The 2017 election campaign has become a bit of a face-off after vandals have cut out the heads of some political hoardings.

The faces of Act Party leader David Seymour, Tauranga MP Simon Bridges and Prime Minister Bill English have been cut out of election signs erected in Matua and Mount Maunganui.

National Party faces were cut out of a hoarding erected on Totara St over the weekend, but Bridges said it had been happening since signs went up last month.

"We have had several signs with our faces cut out mostly in the Mount and some in other parts of town," he said.


Bridges said there had been about four or five signs that had their faces cut out of them.

"We always get a bit of damage during the election campaign which is a little annoying," he said. "But this by far is one of the weirdest things I have seen over the nine years."

He did not mind the graffiti during the last election when a Tauranga artist turned Bridges and the then Prime Minister John Key into cartoon characters Batman and Robin.

"But this one is a bit weird," he said. "I am intrigued to find out what they have done with the faces.

"Clearly someone or a group that is doing this repeatedly has a whole lot of our faces. My mind boggles."

Tauranga's Act candidate Stuart Pedersen said one of their signs in Matua had also been defaced.

"Somebody cut out David Seymour's face," he said.

He had 10 signs erected around the city and another 10 more going up this afternoon.


He said he hoped for an election where signs would not be put up and found it humourous that the party leader's face had been cut out.

"Somebody might like to make a mask out of it," he joked. But at the end of the day, he said it was vandalism and a hassle.

"But we are not going to lose sleep over it."

Bay of Plenty MP Todd Muller said the faces of his signs had not been cut out, but some of the wood holding up the signs had been damaged.

"It is frustrating," he said. "It is unlawful damage in my opinion."

He said some of his signs in Welcome Bay had been "hammered" and had to have the wood replaced.

"We have limited places to put these up, all parties do it and you really do hope people respect them because they cost a lot.

"I think some people think they are paid for by the taxpayer, but they are not."

He said he had about 100 signs erected around the electorate and the vandalism did not deter him from continuing to put them up.

"I think you have got to do it," he said. "If you are not there you are noticed. It is a signal that you are taking this seriously."

Labour's Tauranga candidate Jan Tinetti said three of her signs had been damaged.

She said one had been taken completely, the other had been cut and the third had damage to the framing and had been knocked over.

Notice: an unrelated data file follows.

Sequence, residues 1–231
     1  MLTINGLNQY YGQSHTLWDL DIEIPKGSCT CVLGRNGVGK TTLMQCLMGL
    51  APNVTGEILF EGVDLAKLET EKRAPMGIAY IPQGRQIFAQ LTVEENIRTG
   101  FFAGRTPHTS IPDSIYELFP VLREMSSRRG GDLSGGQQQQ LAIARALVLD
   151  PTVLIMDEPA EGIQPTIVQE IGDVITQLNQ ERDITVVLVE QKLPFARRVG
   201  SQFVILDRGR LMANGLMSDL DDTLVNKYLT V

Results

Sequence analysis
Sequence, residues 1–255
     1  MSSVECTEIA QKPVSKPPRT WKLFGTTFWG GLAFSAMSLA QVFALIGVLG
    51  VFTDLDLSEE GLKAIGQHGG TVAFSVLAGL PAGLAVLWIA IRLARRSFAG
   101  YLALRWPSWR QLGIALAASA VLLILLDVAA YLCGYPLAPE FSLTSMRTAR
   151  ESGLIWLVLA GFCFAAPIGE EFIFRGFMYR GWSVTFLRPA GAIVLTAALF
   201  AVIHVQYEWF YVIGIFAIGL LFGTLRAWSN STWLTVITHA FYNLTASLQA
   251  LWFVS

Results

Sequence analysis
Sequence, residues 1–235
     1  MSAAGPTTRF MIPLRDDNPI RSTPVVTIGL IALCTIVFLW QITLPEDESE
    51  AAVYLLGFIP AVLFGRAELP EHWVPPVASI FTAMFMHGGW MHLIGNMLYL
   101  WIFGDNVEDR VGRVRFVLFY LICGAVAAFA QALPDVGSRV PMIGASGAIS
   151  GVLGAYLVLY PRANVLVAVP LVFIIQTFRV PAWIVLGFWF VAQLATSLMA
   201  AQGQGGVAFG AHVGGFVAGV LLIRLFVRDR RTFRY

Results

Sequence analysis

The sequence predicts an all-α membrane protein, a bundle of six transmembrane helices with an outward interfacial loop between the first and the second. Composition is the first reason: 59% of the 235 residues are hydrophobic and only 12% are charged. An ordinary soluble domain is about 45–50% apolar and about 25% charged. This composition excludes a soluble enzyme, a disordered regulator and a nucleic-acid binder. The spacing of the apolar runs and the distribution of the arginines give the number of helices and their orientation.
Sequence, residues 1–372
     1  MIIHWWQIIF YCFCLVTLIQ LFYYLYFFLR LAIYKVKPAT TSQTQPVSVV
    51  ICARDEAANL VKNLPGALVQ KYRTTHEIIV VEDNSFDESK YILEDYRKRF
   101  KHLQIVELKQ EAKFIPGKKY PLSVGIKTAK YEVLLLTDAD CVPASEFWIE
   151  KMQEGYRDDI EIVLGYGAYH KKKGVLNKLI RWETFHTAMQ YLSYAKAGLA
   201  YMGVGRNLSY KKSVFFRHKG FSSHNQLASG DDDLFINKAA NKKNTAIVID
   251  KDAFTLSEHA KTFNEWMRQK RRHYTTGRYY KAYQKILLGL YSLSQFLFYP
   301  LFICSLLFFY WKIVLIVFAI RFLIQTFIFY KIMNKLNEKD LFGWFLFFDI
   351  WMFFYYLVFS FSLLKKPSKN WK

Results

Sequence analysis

"I do feel sorry for others when this happens because they do cost a lot of money," she said. "It is a little bit frustrating."

She did not understand why people would want to damage the signs. "If people have a problem with a party, my suggestion is to go out there and vote."

Tauranga Green Party candidate Emma-Leigh Hodge said there was no damage to any of her election signs that she was aware of.

"I am on the way to Hamilton so I have been able to check up on the ones along the state highway and there is no damage to them."

She said there was about 15 large signs and as many as 20 smaller ones erected around Tauranga and the Bay.

Tauranga NZ First candidate Clayton Mitchell said his election signs had not yet been erected around the city.

"We have got to let people get these things out of their system," he said.

"Timing is everything. You get them out too soon and you end up dealing with the fall out of what you are talking about here, and if you go too early the signs get forgotten."

He said only two of his signs were damaged last year.

"One of them was stolen. I think somebody wanted to have a picture of Winston is their bedroom," he joked.

But jokes aside, he agreed the signs were there for a reason and not for personal use.

Independent Tauranga candidate Rusty Kane said he had decided not to put up any election signs this year.

"I have done it in the past and I have had some destroyed. But I have decided not to put any up this time. It is visual pollution."

Labour's Bay of Plenty candidate Angie Warren-Clark and The Opportunity's Party Tauranga candidate Vanessa Lee have also been contacted for comment.

Tauranga City Council's parking and bylaws team leader Stuart Goodman said the council had received three complaints regarding the location of election signs and one about the size.

"But none have been related to election signs being vandalised," he said. "Vandalism of signage is a police matter."

Mr Goodman said five signs had so far been relocated from Cameron Rd, Bureta Rd, Memorial Park and Domain Rd as they were in unapproved locations.

Tauranga City Council election sign rules

• From July 22, 2017 signs can be located on any of the sites identified in the Local Elections Policy maps (provided they comply with the Electoral Act 1993).
• Approval is for one election sign per candidate and one per party in each designated area.
• The maximum size of the sign is 1.5sq m. The sign must be removed no later than midnight on September 22, 2017.
• Any sign that falls outside of these rules will require specific approval from council.